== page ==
"Black tubes!" he exclaimed.

These were the black trousers that I had just put on. He exclaimed and laughed, a cynical laugh in which surprise mingled with mockery, greatly offending my sensitivity as a modern man. Because, Your Excellency will note, although to us our times may seem deserving of criticism, even of execration, we dislike it when an ancient ridicules them to our face. I did not respond to the Athenian; I frowned slightly and went on buttoning my suspenders. He then asked me for what reason I wore such an ugly color . . .

"Ugly but serious," I told him. "Notice, however, the grace of the cut, see how it falls over the shoe, which has a sheen, though black, and is fashioned to perfection." And, seeing that he was nodding:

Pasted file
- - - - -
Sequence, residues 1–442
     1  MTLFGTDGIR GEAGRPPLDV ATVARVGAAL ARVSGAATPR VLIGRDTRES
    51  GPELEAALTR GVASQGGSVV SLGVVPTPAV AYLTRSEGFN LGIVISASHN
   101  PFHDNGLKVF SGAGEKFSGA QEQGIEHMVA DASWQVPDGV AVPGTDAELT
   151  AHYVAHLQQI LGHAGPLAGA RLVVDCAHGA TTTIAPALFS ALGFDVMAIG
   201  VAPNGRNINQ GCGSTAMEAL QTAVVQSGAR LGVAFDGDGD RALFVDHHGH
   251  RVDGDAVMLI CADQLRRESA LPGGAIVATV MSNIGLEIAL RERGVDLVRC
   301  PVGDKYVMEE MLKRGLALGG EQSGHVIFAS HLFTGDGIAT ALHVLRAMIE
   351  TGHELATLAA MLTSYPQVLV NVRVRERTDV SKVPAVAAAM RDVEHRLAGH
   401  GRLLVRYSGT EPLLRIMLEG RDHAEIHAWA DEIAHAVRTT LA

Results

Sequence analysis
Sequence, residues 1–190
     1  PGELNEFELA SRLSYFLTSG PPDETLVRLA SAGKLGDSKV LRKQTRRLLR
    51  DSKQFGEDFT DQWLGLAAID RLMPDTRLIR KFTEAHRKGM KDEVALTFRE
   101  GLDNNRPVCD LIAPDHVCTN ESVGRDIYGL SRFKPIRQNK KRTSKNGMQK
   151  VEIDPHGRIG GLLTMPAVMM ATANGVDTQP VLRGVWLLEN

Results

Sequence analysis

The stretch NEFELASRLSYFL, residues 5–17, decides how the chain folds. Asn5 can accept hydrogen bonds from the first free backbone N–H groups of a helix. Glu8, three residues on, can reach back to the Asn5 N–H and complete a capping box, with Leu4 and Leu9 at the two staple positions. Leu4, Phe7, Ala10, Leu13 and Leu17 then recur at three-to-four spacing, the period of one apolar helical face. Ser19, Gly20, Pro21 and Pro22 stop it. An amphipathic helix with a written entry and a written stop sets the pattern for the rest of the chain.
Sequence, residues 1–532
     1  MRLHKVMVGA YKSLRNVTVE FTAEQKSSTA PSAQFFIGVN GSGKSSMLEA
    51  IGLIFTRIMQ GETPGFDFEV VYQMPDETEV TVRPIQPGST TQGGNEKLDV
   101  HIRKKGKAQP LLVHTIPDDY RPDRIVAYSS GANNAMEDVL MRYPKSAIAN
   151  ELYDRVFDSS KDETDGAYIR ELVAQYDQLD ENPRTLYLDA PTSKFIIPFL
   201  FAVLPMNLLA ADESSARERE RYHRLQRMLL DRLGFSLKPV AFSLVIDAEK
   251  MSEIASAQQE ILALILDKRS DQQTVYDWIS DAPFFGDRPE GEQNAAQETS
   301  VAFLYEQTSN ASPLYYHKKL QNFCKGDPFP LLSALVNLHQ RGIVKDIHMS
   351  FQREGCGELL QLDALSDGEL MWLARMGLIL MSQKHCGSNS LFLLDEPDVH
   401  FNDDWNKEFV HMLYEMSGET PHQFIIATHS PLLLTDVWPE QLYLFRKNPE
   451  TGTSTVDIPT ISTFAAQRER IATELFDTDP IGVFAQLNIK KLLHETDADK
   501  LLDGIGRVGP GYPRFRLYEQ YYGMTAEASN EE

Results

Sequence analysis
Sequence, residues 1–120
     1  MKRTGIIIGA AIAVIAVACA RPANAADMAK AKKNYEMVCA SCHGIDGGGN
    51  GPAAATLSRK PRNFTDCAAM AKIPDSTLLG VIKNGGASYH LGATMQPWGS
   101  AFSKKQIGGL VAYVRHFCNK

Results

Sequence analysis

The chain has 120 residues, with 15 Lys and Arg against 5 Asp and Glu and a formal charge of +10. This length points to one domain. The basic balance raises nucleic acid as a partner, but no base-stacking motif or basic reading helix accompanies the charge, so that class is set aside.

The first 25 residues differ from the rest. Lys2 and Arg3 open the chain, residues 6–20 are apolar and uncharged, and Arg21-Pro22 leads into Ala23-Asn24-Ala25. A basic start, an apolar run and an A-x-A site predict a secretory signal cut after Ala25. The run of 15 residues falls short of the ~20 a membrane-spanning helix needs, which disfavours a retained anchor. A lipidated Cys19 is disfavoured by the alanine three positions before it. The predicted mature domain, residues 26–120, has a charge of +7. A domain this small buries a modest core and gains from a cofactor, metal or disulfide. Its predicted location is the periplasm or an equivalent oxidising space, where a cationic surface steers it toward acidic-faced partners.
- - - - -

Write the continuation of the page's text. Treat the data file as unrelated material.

"My dear man," I told him, "surely you can demand that Jupiter Olympus be the eternal emblem of majesty: he is the domain of ideal art, disinterested, superior to the times that pass and the men who accompany us. But the art of dress is different. That which appears absurd or graceless is perfectly rational and beautiful—beautiful in our way, for we do not take to the streets to hear rhapsodes recite their verses, nor orators their speeches, nor philosophers their philosophies. You yourself, if you become accustomed to the sight, will in the end find us to your liking, because—"

"Wretch!" he bellowed, launching himself upon me.

Before I could understand the cause of his cry and his act, I was left without a drop of blood. The cause was an illusion. As I had run the cravat around my neck and was trying to tie the knot, Alcibiades thought I was going to hang myself, as he later confessed. And, truth be told, I was pale, trembling, in a cold sweat. Now it was I who laughed. I laughed, and explained the use of the cravat, noting that it was white, not black, as we also wore black cravats. Only after all of this was explained to him did he consent to return it to me. I finally knotted it and donned my vest.